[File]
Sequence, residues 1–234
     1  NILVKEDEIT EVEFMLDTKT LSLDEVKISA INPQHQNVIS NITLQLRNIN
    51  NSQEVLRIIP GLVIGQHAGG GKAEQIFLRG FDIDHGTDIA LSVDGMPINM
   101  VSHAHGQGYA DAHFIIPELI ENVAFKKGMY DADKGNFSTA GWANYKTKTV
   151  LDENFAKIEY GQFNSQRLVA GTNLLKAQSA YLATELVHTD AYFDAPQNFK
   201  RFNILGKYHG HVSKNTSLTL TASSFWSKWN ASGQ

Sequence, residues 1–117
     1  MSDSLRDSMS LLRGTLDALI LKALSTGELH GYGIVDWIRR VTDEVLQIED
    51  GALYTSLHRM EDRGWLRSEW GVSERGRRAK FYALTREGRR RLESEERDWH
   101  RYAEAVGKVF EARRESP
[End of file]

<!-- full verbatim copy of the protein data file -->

Sequence, residues 1–234
     1  NILVKEDEIT EVEFMLDTKT LSLDEVKISA INPQHQNVIS NITLQLRNIN
    51  NSQEVLRIIP GLVIGQHAGG GKAEQIFLRG FDIDHGTDIA LSVDGMPINM
   101  VSHAHGQGYA DAHFIIPELI ENVAFKKGMY DADKGNFSTA GWANYKTKTV
   151  LDENFAKIEY GQFNSQRLVA GTNLLKAQSA YLATELVHTD AYFDAPQNFK
   201  RFNILGKYHG HVSKNTSLTL TASSFWSKWN ASGQ

Sequence, residues 1–117
     1  MSDSLRDSMS LLRGTLDALI LKALSTGELH GYGIVDWIRR VTDEVLQIED
    51  GALYTSLHRM EDRGWLRSEW GVSERGRRAK FYALTREGRR RLESEERDWH
   101  RYAEAVGKVF EARRESP